Happy New Year!

By way of tradition, I’m about to wish all of us a very happy new year ahead. It’s got to be good now that we survived the End of the World frenzy, don’t you think?

My 2012 has been rich in many an experience, so in no particular order here’s what I did and learnt in the passing year:

– went on a press-tour to Ivanovo Region;
– visited Kaluga region several times;
– did a 4-month practical course in Film Making;
– did a 2-month practical course in Literary Translation (prose) with two of the best working Russian translators;
– visited Pskov Region;
– a book I translated in 2011 has been released in August 2012;
– was published, nominated, and been asked for a permission for publication as a translator;
– many photos were published in a Russian Metro newspaper;
– attended many events;
– as a journalist, helped the Artist charitable fund, founded by the Russian actors Evgeny Mironov and Maria Mironova (not related) to help elderly actors. A branch headed by Natalia Shaginyan-Needham looks after children with moving disabilities.

I cannot mention all the acquaintances I made, and I’m exceptionally grateful for having some great friends with me, including Nadya, two Svetlanas, Elena, Alexandra, Anastasia, Galina, and a few others. And my biggest gratitude goes to my parents.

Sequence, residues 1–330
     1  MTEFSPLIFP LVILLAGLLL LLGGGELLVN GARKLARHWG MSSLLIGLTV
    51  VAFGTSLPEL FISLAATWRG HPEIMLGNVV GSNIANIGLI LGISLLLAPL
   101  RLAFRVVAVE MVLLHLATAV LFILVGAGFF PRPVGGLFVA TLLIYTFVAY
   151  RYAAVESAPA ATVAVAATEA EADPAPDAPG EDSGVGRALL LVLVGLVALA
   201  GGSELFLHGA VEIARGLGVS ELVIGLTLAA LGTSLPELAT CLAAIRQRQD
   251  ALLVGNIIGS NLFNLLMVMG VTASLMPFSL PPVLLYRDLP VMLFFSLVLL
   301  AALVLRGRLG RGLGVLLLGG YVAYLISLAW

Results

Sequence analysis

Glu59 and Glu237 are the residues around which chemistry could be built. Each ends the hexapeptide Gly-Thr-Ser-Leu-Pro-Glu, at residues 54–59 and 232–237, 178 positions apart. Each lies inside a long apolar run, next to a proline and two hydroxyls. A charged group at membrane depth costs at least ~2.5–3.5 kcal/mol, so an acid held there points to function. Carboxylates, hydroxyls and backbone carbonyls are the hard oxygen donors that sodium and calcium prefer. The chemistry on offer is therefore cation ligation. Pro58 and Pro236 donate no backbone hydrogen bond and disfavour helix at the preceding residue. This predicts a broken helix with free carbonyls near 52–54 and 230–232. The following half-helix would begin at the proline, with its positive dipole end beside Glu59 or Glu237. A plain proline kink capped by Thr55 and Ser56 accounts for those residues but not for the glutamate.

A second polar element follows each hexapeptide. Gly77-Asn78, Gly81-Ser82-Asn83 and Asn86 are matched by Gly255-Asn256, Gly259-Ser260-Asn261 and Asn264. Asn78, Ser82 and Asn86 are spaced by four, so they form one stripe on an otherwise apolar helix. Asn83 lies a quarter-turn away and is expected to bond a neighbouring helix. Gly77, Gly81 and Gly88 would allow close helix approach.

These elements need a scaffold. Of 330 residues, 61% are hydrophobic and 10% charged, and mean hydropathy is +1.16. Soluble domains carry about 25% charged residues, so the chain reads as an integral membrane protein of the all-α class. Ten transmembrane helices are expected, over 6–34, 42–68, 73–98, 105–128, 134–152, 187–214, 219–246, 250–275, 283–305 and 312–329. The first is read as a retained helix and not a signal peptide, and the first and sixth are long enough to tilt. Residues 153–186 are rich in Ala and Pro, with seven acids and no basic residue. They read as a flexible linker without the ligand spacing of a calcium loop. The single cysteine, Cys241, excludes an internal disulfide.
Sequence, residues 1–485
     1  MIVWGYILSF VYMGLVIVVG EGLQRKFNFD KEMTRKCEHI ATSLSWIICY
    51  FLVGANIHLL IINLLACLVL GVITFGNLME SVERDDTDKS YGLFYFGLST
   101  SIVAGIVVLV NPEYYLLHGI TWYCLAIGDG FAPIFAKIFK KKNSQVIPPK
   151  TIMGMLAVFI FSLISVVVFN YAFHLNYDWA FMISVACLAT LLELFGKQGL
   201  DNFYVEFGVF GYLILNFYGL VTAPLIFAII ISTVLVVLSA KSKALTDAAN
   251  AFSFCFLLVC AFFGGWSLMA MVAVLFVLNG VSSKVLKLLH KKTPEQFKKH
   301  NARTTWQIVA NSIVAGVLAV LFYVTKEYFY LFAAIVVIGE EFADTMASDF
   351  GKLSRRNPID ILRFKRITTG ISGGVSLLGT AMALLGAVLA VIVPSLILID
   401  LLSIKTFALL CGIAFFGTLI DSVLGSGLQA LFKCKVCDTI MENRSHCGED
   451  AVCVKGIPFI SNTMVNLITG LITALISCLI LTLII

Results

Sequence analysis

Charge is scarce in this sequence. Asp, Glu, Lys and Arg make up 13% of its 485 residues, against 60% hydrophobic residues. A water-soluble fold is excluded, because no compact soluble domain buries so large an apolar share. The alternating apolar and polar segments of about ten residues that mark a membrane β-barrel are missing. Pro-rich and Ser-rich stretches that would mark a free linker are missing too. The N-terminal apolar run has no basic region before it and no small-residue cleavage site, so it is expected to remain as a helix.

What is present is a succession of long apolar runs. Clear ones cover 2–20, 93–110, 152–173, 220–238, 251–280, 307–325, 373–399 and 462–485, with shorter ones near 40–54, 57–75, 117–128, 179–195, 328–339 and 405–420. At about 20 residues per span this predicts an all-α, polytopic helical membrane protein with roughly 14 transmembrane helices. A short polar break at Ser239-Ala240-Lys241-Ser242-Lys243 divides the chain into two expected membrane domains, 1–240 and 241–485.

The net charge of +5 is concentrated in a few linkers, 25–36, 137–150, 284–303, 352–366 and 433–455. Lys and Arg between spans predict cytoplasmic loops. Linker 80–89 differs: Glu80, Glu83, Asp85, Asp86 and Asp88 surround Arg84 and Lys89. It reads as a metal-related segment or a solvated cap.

Last but not least, 2012 has brought a realization that I’m a typical Mad Catter, to paraphrase Carroll. I used to have pets since I was 12, but never did I think I’d end up having 5 cats. Actually, as of October 2012 I’ve got 6 cats, the latest being just 3 months old and sleeping next to me as I’m writing the post. Cats aren’t related, they were all foundlings, and I’m glad we’ve helped them to find a home. Needless to say, this is written by a Russian Bardot in the making, as far as pets are concerned.

As to my plans for 2013, they are rather obvious: building on what I’ve done in the past two years (or even 6 years). I’ll try to keep you updated 😉

Happy New Year! С Новым Годом! (S novym godom!)

Your Julia

PS – you might know that a 20th c. Russian tradition has been to have tangerines for New Year. Hence the picture with mandarins says: “Ready for the New Year”.

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